Now P2P provider LimeWire is entering the fray, diving headfirst into digital music sales. The music will be DRM-free, in the “universally compatible MP3 format,” and encoded at a higher-quality 256Kbps bit rate.
The LimeWire Store is expected to launch sometime this fall as a stand-alone Website, with links accessible from within LimeWire’s free and Pro (paid-for) software. LimeWire said music lovers will be able to purchase music directly through LimeWire clients but a specific date was not announced. DRM-free MP3s will be available a la carte or through a monthly subscription.
LimeWire has deals with Iris Distribution, which works with indie labels, and the Canadian music label Nettwerk Productions, home to popular artists such as Barenaked Ladies, Avril Lavigne, Sarah McLachlan, and Paul van Dyk. Earlier this year Nettwerk signed on with DRM-free music store Amie Street. There’s no word if LimeWire will be a part of the Universal Music Group’s recently-announced experimentation with gBox, Google, and others.
LimeWire officials hinted in July it was planning a DRM-free music store, which is a bit surprising for several reasons.
The first: The paid music download market is saturated, although it’s becoming more interesting now that major labels EMI and the UMG — representing two of the top four music labels — are now providing parts of their catalogs on an experimental basis for DRM-free downloading.
The second: LimeWire’s name recognition is both good and bad. The good is that LimeWire transformed a fledgling protocol into an important force in the P2P industry, with more than 5 million simultaneous users and a household name. The bad is that LimeWire always seems to be in some sort of trouble as the IFPI, the RIAA, the UMG, Sony, BMG, and the Warner Music Group are suing them for facilitating illegal file sharing.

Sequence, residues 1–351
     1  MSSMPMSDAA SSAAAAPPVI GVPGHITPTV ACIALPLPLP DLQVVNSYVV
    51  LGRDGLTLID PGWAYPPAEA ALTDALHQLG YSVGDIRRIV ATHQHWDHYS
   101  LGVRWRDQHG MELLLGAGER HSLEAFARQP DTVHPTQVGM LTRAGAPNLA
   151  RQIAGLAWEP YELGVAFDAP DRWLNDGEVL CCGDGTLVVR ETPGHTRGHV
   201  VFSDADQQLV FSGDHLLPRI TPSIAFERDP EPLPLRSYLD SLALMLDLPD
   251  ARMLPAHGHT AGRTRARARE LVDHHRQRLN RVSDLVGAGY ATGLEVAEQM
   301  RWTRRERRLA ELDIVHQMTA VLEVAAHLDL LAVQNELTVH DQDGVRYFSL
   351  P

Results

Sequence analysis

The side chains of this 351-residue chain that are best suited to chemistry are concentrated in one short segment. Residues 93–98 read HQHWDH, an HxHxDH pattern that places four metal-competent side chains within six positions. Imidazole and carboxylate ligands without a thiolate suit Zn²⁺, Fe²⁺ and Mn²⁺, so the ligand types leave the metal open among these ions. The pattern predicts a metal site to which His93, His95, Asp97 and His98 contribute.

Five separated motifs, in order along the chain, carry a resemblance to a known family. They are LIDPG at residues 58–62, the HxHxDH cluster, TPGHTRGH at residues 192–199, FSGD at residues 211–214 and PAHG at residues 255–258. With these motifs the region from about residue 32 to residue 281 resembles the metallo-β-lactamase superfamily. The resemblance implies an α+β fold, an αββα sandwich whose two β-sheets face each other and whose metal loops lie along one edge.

The third: Napster’s failure to go “legit.” Napster failed to gain an acceptable market share as it hoped its brand name would translate into success. LimeWire is in a similar situation.
We began programming LimeWire with the belief that peer-to-peer would become one of the core distribution tools on the Internet. Six years later, it’s happened. … Peer-to-peer isn’t going away — it’s become mainstream, both in the underlying technology of the Internet and the in the everyday tool set of millions of users online.
LimeWire wants to create a user experience that will be free of any DRM, copy protection, or customer intrusion. Even with DRM-free music, creating a satisfying user experience will be difficult for LimeWire, especially in light of the ecosystem Apple has developed for the highly successful iPod (100 million units sold).
Apple purposely developed a closely-integrated platform of hardware (the various iPod models), the music/library management software (iTunes), and a purchasing component (the iTunes Music Store) that created a seamless and, mostly, enjoyable experience for all levels of users — something no other hardware manufacturer, software developer, or music store developer has successfully duplicated yet.
Next up: LimeWire.